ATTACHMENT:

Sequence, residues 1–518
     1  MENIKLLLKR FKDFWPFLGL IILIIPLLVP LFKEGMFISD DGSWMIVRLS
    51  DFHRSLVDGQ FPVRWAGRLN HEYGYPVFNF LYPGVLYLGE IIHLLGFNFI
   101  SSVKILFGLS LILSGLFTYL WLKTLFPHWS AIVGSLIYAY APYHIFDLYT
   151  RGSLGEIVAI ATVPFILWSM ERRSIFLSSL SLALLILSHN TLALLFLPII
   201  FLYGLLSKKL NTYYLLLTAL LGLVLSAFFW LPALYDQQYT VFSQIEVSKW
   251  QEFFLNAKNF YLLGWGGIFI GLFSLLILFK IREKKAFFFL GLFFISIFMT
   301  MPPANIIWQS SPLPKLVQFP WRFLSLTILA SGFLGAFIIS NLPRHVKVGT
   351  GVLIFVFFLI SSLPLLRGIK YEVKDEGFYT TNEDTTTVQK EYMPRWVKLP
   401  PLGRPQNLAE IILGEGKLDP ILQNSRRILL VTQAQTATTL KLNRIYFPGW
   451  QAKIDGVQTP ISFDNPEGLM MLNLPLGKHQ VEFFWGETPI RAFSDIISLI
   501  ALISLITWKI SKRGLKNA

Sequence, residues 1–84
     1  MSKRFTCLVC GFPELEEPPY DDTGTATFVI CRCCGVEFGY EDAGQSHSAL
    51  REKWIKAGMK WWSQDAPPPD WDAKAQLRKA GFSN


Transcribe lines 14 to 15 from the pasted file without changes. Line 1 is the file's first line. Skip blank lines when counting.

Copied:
     1  MSKRFTCLVC GFPELEEPPY DDTGTATFVI CRCCGVEFGY EDAGQSHSAL
    51  REKWIKAGMK WWSQDAPPPD WDAKAQLRKA GFSN